The New Power Party (NPP) won five seats in yesterday’s legislative elections to become the third-largest party, representing a triumph for the new “third force” party founded by civil activists associated with the 2014 Sunflower movement.
The NPP scored two legislator at-large seats, winning 6.1 percent of the legislator at-large party vote, in a sharp drop from pre-election polling after the Democratic Progressive Party (DPP) issued calls for pan-green voters to concentrate their votes to protect the “safe” seats on its legislator-at-large list.
However, DPP endorsements helped push some of the party’s district candidates to victory, with former Academia Sinica researcher Huang Kuo-chang (黃國昌) winning New Taipei City’s 12th district, Hung Tzu-yung (洪慈庸) — who is best known for speaking on behalf of her bereaved family after her younger brother, army corporal Hung Chung-chiu (洪仲丘), died in July 2013 under controversial circumstances only days from being discharged — winning Taichung’s third district, and metal band Chthonic’s lead vocalist Freddy Lim (林昶佐) winning a tight race for Taipei’s fifth district in a surprise upset.
The DPP endorsed Huang, Lim and Hung in a bid to topple Chinese Nationalist Party (KMT) incumbents in what were previously considered pan-blue districts.
The party’s other district candidate, human rights lawyer Chiu Hsien-chih (邱顯智), was defeated by former DPP caucus whip Ker Chien-ming (柯建銘) in a three-way race for Hsinchu City’s legislative district after refusing to drop out of the race in response to DPP pressure.
The NPP’s success came as the Taiwan Solidarity Union’s (TSU) support crumbled, losing all three of its legislator-at-large seats.
Pairing with the pro-independence leftist activist group Radical Flank (基進側翼), whose Chairman Chen Yi-chi (陳弈齊) headed the party’s legislator-at-large slate, failed to ward off a sharp drop in support, with the party winning 2.5 percent of the at-large vote, falling short of the 8.96 percent it won in 2012.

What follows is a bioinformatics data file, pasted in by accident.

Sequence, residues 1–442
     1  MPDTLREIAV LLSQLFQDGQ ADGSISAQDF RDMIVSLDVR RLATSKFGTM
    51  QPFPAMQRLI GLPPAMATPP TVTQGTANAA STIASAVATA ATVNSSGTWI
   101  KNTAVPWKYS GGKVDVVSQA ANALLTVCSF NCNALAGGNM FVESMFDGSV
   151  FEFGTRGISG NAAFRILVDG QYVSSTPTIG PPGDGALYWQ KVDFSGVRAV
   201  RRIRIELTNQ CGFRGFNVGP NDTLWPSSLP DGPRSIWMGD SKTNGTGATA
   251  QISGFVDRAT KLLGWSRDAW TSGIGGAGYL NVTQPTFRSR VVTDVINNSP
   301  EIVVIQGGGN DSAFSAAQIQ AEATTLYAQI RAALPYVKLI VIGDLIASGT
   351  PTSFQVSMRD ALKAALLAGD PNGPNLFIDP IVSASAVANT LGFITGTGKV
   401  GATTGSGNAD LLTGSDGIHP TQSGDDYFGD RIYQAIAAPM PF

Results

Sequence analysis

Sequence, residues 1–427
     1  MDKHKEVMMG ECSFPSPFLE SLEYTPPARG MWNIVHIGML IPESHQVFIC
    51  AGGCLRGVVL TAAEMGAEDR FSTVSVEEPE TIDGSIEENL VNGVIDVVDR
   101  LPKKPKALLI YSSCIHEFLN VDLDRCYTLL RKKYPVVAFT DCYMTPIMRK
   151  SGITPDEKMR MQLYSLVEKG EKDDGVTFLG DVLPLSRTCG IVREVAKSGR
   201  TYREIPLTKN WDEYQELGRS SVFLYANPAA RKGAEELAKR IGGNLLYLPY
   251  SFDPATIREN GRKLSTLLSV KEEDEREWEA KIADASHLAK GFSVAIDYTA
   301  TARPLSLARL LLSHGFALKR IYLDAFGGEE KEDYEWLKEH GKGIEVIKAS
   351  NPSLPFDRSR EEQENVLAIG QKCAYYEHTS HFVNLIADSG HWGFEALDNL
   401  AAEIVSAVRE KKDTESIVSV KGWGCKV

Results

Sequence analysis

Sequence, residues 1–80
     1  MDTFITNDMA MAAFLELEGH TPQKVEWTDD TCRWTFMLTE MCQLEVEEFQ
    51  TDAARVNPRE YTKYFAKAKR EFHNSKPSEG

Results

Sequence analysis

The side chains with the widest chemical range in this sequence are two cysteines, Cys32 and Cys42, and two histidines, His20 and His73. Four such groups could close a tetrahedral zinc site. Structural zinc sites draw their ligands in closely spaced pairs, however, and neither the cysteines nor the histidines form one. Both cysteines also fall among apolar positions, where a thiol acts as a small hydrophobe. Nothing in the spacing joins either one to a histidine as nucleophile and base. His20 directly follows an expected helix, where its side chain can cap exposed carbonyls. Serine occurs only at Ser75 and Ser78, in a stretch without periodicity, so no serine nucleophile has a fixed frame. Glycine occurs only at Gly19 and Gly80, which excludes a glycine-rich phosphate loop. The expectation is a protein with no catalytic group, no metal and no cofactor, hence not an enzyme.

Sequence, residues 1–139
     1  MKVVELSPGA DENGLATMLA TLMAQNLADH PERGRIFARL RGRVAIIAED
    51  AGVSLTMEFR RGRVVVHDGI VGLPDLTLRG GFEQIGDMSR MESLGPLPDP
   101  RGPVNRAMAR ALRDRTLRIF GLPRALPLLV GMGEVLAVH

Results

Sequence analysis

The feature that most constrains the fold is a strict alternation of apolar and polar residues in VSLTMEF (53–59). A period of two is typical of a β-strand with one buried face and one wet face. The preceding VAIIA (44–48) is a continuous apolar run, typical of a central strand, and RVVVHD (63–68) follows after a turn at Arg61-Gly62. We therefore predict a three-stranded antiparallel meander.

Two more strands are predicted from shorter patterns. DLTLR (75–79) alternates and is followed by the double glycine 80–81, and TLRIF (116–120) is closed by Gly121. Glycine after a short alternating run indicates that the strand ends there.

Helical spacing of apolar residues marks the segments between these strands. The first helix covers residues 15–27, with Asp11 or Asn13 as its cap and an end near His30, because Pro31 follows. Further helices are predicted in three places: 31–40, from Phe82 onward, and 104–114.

National Taiwan University political science professor Wang Yeh-lih (王業立) said the rise of the NPP was the main factor behind the TSU’s decline.
“The NPP stems from the leadership of the Sunflower movement, which opposed a trade in services agreement with China, so they attracted a substantial portion of voters dissatisfied with China. These voters mainly voted for the TSU in the election four years ago,” National Taiwan University political science professor Wang Yeh-lih (王業立) said. “As TSU’s candidates were not as well-known as the NPP’s, and the NPP is skilled at using new media, the NPP was able to achieve much greater visibility than the TSU.”
The Green Party-Social Democratic Party Alliance won only 2.52 percent of the legislator at-large vote, also failing to win any district seats.
The Social Democratic Party, which was founded by many long-standing social campaigners, had competed with the NPP to carry the “third force” banner after a split within the movement, joining forces within the Green Party after integration talks broke down over relations with the DPP.
While the NPP endorsed DPP presidential candidate Tsai Ing-wen (蔡英文) and — with the exception of Chiu — competed only for districts where the DPP “made way,” the alliance did not coordinate with the DPP.
The People First Party (PFP) received 6.52 percent of the legislator-at-large vote, holding on to its two legislator-at-large seats.